Tenkara Bum

  3. #3
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    Chris, the Knot2Kinky comment was meant to be tong in cheek attempt at injecting some humor. I am coiling my lines around my 4 fingers and putting them in a RIO Leader Wallet Insert for storage, so the line coil will be a lot bigger in diameter than it would be on a line spool/line holder. Hopefully the Diawa 43 MF has a stiff enough tip as that is the rod I will use for this. Since this involves trolling the line is tight to the rod and takes are felt, and the rod's backbone comes into play pretty quickly if not immediately. I am thinking of using heat-shrink tubing (which I already have) to cover the knots, but I will have to wait and see how that works out. I believe you sell the Knot2Kinky line in a 30 foot length, I was thinking of making up a 10 foot line for more normal applications and using the other 20 feet as a trolling line. How easily will it coil into a shallow stripping basket of about 24 X 18 inches? Thank you....Golden.

  4. #4
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    Have not used a stripping basket so I don't know. I suspect it might not want to stay in the basket.
    Tenkara Bum

  5. #5
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    Sep 2012
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    I'm not sure I see what the "tenkara shortcoming" is here.

  6. #6

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    Hi,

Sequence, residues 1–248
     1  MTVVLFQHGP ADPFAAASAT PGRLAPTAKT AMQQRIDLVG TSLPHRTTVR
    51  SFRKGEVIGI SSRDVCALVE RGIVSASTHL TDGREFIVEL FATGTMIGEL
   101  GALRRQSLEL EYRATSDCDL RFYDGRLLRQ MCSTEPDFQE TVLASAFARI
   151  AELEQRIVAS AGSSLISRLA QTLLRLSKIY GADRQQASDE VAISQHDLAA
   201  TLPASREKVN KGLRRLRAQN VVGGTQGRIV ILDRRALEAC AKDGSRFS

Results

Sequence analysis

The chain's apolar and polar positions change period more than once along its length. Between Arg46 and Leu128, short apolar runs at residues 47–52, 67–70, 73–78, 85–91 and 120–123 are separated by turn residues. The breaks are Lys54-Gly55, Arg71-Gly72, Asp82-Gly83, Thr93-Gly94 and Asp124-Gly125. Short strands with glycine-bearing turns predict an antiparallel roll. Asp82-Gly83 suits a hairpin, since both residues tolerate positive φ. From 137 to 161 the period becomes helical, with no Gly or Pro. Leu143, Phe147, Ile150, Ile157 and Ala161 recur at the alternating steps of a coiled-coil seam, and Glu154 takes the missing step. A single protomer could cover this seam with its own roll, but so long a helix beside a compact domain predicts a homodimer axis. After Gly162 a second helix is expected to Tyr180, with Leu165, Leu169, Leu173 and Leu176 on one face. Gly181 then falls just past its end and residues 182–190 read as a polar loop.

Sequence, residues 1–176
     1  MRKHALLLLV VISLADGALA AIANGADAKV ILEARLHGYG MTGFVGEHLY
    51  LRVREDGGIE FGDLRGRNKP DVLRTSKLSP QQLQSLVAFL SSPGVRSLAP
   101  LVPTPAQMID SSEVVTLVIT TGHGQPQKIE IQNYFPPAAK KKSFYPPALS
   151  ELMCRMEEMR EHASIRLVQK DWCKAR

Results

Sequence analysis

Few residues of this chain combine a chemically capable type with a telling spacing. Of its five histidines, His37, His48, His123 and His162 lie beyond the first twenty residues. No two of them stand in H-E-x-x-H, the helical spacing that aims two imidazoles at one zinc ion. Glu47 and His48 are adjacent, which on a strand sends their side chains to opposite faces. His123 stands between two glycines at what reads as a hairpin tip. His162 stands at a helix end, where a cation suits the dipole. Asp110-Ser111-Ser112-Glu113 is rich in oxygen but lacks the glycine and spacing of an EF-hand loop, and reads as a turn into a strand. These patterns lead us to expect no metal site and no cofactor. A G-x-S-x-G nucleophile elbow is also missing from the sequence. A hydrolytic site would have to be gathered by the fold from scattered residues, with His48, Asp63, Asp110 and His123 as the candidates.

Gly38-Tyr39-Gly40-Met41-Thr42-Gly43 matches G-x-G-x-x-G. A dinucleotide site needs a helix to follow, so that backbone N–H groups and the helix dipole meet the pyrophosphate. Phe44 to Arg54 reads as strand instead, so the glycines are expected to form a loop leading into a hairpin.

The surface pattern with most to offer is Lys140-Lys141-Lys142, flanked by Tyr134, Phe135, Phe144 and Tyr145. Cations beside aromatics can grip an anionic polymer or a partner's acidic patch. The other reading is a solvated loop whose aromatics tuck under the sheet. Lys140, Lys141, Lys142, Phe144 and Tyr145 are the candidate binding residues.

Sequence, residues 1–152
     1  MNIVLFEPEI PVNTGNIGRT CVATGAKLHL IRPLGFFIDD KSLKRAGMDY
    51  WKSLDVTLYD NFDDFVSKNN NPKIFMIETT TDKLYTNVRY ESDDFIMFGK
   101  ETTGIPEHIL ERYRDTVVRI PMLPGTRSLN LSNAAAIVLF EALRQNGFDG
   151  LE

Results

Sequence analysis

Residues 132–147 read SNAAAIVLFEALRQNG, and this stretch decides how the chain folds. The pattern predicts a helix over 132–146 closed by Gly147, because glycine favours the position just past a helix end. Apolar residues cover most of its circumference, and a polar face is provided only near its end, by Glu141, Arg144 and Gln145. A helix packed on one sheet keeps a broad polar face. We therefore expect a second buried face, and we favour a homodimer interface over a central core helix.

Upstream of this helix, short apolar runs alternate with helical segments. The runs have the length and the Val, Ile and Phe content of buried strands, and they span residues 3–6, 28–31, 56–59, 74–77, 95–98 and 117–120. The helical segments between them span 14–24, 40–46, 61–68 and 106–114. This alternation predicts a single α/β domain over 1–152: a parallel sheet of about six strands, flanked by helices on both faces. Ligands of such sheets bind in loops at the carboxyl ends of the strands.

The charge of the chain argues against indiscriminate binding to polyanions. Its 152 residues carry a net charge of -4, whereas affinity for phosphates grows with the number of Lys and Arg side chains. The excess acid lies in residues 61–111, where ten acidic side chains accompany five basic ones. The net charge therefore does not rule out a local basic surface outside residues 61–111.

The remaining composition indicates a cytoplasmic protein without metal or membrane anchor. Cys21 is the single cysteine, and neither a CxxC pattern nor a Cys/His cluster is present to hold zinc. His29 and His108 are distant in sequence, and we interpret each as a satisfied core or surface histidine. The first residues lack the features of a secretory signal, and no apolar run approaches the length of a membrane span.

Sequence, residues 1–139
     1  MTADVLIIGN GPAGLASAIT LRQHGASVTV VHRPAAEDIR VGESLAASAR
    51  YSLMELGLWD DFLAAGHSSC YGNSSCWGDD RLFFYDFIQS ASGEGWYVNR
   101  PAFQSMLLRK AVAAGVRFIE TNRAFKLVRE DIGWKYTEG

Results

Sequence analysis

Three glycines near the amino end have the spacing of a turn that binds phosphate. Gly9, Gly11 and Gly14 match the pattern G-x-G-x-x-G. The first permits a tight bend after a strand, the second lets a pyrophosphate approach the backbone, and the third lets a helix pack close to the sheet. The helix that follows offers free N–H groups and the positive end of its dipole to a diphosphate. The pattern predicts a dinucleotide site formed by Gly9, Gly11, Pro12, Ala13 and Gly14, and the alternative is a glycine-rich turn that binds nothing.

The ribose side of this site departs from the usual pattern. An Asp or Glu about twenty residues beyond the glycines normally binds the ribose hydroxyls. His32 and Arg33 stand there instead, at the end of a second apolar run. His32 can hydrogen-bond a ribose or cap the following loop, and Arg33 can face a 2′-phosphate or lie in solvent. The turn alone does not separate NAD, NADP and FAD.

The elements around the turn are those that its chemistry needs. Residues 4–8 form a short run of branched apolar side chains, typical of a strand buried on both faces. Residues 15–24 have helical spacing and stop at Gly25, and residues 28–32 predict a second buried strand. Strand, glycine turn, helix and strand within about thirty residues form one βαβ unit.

I am currently doing a lot of Tenkara/fixed-line fishing from a float tube out of necessity - much of our water in western WA consists of small lakes or specific areas of larger lakes. Not an abundance of resident trout streams here, mostly anadromous fish in big rivers. Certainly standard lake FF techniques can be adapted to fixed-line gear. For example, stationary subsurface angling in stillwater can be accomplished using a small indicator and long, light leader (20 plus ft.). A chironomid presentation originating in the NW 35 years ago. Just make sure the indicator is very light (yarn rather than corkie) and attached far enough from the lillian - casting can be a bit awkward and scary especially with delicate (0.65 mm or less) tips. Trolling or mooching a fly might be a shortcoming but I have an idea. Since casting is not required, why not add a 10' fast sinking leader to your T line, then two feet of tippet and a weighted fly. One of the more stout rods like a Daiwa Kiyose (0.7 mm tip) that Chris sells would be a great benefit as strikes to faster moving flies can be quite powerful. I have pretty much hung-up or sold the bulk of my western ff gear in favor of fixed-line rods. After 40 years in the game, Tenkara has been a refreshing experience since receiving my first real T rod in 2009. It may not be traditional Tenkara, however the application of learned western rigging just expands opportunities to use the Kieryu, Seiryu and T gear I now prefer. So I'm gonna try the sinking leader/mooching set-up. Let me know if it or something similar works for you.